Any effort to go green is a good one, right? A recent survey from Lab 42 on the state of the energy market indicates that nearly one-in-four Texan consumers wish they had more green energy options. Doing good things for the environment, like signing up for an environmentally friendly energy provider, seems like a great thing on paper. The truth, however, is much more complicated.
For starters, if you signed up for a 100 percent green energy plan, you are not actually using 100 percent green energy. So when you run your dishwasher or turn on the lights, it’s not all powered by solar and wind, but a combination of gas, oil and coal too.
How the Green Energy Hoax Began
In most deregulated markets, the state mandates that a certain portion of electricity being consumed must be offset through the purchase of renewable energy credits (RECs). RECs represent 1 MWh of electricity produced from renewable energy resources and allow companies to meet renewable energy goals and support the generation of more renewable power projects. For perspective, 1 MWh provides enough energy to power 330 homes for one hour. For Texas, the state mandate is 12.1 percent.
There are strict rules around buying and selling these compliance RECs that require RECs to be of a certain age (no older than three years), of a certain technology (wind or solar), of a certain geography (in state or state adjacent) and, in most cases, must be trackable.
Lines get blurred, however, when it comes to voluntary RECs. Voluntary RECs don’t have the same restrictions as compliance RECs. It’s the company’s choice to buy these RECs so they can choose to buy some that are less ideal — ones that are more than 10 years old, generated in California while selling in them to Texans, or created from other sources like methane from landfills and poultry litter. Yep, that’s right: poultry litter.
Despite good intentions, these have become a cheap way for retailers to mislead consumers into thinking they are getting a product totally sourced from renewable energy — while also selling them at overpriced premiums. With no rules to govern these voluntary RECs, the energy sector has become flooded with companies that are branding themselves as green energy providers, and marking up their costs by 20 percent or more with cheap RECs that account for less than 1 percent of their total costs.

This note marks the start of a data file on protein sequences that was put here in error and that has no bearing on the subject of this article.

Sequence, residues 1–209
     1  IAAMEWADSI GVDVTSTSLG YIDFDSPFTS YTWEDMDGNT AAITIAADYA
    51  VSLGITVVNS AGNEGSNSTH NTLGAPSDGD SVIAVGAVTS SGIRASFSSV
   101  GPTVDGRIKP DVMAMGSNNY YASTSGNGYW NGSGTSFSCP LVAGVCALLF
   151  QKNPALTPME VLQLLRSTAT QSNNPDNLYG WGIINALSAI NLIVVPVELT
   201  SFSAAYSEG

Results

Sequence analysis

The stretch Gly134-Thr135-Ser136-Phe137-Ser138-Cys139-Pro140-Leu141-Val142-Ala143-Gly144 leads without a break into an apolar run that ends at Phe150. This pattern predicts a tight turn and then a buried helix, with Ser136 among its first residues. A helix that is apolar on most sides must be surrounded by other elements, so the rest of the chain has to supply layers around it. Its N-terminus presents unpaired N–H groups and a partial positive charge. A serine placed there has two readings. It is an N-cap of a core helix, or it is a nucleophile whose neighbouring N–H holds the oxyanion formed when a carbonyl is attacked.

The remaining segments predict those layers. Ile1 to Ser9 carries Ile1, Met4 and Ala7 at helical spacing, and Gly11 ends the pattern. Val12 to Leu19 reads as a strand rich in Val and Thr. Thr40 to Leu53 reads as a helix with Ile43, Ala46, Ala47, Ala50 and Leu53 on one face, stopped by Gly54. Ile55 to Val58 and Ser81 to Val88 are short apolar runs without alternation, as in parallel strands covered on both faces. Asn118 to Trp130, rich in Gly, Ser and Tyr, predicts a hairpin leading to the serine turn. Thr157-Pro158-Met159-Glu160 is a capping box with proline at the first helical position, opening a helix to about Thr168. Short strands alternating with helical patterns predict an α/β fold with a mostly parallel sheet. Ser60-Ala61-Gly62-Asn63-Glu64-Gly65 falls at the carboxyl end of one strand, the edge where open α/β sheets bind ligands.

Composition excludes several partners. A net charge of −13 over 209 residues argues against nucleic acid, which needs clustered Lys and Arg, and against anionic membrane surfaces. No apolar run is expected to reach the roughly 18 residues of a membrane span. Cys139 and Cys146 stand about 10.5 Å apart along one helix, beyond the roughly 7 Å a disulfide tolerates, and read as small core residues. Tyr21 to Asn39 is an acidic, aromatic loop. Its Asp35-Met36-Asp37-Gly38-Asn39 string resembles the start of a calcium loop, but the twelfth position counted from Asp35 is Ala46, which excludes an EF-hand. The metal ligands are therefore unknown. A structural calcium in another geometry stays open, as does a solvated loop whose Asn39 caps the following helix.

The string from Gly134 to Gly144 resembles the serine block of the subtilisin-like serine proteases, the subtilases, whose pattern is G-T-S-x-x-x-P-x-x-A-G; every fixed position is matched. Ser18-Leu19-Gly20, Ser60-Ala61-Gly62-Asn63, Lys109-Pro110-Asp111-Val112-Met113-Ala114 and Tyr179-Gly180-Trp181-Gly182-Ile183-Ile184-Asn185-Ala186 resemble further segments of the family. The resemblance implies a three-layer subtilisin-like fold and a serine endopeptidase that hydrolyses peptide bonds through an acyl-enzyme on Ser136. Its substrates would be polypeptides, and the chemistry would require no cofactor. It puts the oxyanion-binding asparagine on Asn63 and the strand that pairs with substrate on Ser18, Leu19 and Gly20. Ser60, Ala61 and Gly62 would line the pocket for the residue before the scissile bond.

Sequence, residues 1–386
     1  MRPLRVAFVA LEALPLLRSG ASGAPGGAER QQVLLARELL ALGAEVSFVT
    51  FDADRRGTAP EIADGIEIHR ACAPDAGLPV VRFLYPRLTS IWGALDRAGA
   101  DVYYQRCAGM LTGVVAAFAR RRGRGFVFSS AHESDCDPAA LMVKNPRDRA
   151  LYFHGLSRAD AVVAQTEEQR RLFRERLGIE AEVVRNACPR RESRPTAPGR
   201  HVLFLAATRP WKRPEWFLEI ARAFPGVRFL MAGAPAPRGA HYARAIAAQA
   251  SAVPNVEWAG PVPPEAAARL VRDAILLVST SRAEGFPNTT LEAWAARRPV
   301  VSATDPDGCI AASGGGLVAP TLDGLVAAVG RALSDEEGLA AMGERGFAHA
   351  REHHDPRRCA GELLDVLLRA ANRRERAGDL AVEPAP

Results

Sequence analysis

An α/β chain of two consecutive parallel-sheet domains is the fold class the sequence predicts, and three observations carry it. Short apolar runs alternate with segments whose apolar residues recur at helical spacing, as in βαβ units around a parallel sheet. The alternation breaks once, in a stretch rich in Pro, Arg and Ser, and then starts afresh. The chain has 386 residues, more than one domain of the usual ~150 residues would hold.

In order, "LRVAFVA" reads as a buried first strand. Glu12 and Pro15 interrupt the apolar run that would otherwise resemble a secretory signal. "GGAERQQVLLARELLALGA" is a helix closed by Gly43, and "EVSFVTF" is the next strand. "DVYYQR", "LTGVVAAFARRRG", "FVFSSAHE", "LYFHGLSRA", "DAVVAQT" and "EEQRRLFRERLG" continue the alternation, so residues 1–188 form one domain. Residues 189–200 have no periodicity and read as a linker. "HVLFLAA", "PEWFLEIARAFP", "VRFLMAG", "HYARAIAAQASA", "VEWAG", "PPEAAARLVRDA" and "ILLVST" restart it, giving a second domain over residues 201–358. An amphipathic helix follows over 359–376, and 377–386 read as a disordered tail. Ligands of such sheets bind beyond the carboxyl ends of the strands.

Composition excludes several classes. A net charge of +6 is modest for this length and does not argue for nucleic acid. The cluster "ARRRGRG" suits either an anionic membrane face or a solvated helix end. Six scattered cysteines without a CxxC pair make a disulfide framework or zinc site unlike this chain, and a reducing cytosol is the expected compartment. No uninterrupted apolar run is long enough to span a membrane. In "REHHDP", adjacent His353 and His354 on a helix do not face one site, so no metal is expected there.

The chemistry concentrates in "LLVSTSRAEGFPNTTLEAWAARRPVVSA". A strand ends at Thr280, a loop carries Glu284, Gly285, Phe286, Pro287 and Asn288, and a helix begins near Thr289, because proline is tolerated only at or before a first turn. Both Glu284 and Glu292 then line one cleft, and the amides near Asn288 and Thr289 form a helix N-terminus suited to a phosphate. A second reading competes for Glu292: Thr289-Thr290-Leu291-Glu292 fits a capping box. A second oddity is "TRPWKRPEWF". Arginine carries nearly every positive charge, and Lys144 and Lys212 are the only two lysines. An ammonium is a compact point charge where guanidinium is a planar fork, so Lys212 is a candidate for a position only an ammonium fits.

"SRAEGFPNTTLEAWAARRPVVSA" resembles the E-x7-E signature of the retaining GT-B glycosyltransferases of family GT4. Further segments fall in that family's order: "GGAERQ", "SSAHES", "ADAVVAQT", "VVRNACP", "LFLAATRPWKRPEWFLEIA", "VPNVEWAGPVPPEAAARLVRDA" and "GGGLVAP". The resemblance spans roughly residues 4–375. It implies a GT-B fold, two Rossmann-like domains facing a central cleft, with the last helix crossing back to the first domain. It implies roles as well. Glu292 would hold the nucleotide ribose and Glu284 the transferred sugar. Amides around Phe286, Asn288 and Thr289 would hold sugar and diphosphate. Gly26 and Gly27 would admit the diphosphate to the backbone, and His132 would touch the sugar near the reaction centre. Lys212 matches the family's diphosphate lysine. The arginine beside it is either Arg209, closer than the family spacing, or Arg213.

For example, cheap wind RECs can be bought for $0.14-$0.20. This means that the average residential customer can purchase a “100 percent” wind product that only costs the REP an extra $1.40-$2.00 per year to provide — though the customer will be paying a significantly higher markup.
The problem with this confusing marketing is that consumers believe they are powering their homes with renewable energy sourced in Texas, by their energy provider, when, in fact, it may be a very different story. This is not to say that REPs shouldn’t buy RECs, but that they should be transparent about their business practices.
Another way to go about providing green energy to consumers is to provide them with information about when more renewable energy is powering the grid. When consumers sign up with a REP marketing green energy sources, they should also receive alerts as to when the grid is ‘high’ on electricity generated through green means, such as on a windy day, when lots of wind power is generated.
For example, my company uses an app to help consumers make decisions about when to use power. The app will turn green and alert users to when the cost goes down, which corresponds to when more renewable energy comes online. This will allow users the opportunity to choose to use lower cost, greener energy.
Encouraging consumers to shift their energy use to times when renewable power supply is high does more than just put money towards green energy — it helps increase demand for it, and therefore, encourages more to come online. This tactic not only shows a commitment to transparency and consumer education, but also empowers savvy consumers to take control of their energy use.
A good analogy for this is the weather: People wake up every morning and check the weather so they can plan their day around it. We envision a world where people can just as easily check the amount of renewable energy on the grid and plan their energy-intensive tasks accordingly. The more information consumers have, the better decisions they can make.
With this new model, energy consumers can choose what kinds of energy they use for power-heavy tasks, like doing laundry or running the dishwasher. An electron by any name is going to do the same job, but the point is to give consumers more control over their energy cost and sources.